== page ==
The company’s decision to shut its doors in the next two to three years follows the Danish government’s directive to cull the country’s entire mink populations, following fears of a mutation of the COVID-19 virus passing from the minks to humans.
This month’s developments will not affect business in the short term, according to Kopenhagen, which is set to receive up to six million Danish skins from healthy farms in the next weeks. Those skins will be sold in four auctions planned for 2021, alongside six million unsold skins from this year, and fur sourced from other countries.
“As a company, we are in operation and are looking into a completely normal sales season, where we offer the world’s finest mink skins, as we usually do. Our sorters are ready to receive the skins and the auction team is already working deep into the detailed planning,” Jesper Lauge, chief executive officer of Kopenhagen Fur, said in a statement.
After the preplanned auctions in 2021, the auction house said it will downsize and “make a controlled shutdown” as the loss of Danish mink production means it will lose its “ownership base.”
Auctions are still expected to be held in 2022, with the possibility of an additional event or two taking place in 2023.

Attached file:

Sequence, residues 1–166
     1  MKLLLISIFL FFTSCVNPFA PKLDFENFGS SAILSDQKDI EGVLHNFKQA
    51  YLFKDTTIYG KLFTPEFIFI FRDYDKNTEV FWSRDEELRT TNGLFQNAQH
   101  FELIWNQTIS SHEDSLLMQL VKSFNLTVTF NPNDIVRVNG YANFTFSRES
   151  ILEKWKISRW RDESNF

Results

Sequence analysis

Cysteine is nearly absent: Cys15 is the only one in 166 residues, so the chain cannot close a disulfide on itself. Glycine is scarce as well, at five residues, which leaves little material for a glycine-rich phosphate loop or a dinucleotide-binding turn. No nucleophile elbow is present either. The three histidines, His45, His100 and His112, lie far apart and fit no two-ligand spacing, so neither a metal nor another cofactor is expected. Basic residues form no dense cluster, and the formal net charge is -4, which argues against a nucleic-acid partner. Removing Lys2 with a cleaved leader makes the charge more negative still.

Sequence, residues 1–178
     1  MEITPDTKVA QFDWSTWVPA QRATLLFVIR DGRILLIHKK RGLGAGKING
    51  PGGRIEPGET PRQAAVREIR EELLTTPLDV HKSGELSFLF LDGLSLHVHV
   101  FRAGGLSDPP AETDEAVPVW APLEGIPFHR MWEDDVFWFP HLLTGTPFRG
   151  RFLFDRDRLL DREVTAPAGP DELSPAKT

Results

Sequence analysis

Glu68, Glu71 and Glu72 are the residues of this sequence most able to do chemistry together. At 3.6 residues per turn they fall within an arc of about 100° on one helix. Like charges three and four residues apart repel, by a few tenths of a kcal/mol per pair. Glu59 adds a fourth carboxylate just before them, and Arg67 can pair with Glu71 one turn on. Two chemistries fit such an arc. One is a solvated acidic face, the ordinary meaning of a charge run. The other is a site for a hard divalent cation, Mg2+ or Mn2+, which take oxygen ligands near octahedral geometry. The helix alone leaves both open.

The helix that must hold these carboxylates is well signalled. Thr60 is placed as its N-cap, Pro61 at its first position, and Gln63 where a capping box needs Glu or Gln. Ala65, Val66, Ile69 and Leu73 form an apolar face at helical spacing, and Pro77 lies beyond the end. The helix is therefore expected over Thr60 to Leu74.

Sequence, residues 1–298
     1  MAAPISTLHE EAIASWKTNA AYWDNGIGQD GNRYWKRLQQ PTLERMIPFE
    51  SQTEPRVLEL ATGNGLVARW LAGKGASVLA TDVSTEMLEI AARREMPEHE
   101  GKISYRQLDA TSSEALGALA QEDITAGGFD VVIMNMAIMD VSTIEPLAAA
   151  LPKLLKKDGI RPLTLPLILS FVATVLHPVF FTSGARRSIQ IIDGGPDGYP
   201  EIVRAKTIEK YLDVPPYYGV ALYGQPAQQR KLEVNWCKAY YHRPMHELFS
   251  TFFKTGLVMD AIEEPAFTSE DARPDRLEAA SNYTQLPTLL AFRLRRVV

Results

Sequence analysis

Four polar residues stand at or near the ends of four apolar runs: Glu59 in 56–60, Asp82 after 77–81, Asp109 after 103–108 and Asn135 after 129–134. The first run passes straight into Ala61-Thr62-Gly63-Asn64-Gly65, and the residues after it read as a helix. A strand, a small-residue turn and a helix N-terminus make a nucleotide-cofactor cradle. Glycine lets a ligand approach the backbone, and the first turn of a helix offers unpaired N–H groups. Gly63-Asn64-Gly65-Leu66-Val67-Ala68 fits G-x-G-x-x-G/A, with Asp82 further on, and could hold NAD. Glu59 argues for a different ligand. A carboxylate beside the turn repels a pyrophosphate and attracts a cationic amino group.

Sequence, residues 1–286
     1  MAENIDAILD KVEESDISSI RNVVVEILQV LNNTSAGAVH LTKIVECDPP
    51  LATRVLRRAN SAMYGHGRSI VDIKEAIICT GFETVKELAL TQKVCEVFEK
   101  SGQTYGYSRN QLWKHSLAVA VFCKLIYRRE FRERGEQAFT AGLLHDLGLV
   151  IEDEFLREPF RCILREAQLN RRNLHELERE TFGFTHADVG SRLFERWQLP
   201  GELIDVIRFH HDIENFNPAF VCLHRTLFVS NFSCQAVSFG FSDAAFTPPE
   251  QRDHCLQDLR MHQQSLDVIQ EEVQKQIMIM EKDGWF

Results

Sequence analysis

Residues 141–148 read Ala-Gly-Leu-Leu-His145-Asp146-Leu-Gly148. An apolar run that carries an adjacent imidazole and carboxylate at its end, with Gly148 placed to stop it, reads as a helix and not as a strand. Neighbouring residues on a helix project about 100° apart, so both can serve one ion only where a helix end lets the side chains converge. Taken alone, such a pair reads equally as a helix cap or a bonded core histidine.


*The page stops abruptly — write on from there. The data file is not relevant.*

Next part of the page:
“Unfortunately, even the strongest community cannot survive the consequences of the decisions that have now been made,” added Lauge, pointing to the 300 jobs that will be affected as a result of the company’s eventual shutdown.
“Kopenhagen Fur’s large international customer group might, of course, have difficulties understanding the past week’s development in Denmark. Many customers have based their entire business model on Danish mink — as the ultimate stamp of quality.”
Kopenhagen Fur supplies brands across the luxury spectrum, and also produces its own designs. Its younger subbrand, Oh by Kopenhagen Fur, shut earlier this year.
Meanwhile, the Danish government might well reverse its decision to cull the country’s mink population, citing no legal authority to mandate the killing of mink on farms that are “unaffected by the coronavirus,” and adding that the mass culling (regardless of reported infection) should have been framed as a “recommendation” — rather than a “directive.”
Denmark’s Prime Minister Mette Frederiksen also apologized for the directive.
Animal rights activists said Kopenhagen’s decision was another indication of the fur trade’s looming expiry date.
“The announcement by Kopenhagen Fur that it will cease trading shows that fur production has now passed a tipping point, and it could very well signal the beginning of the end of the fur trade. Fur farms are not only the cause of immense and unnecessary animal suffering, but they are also ticking time bombs for deadly diseases,” said Dr. Joanna Swabe, senior director of public affairs for Humane Society.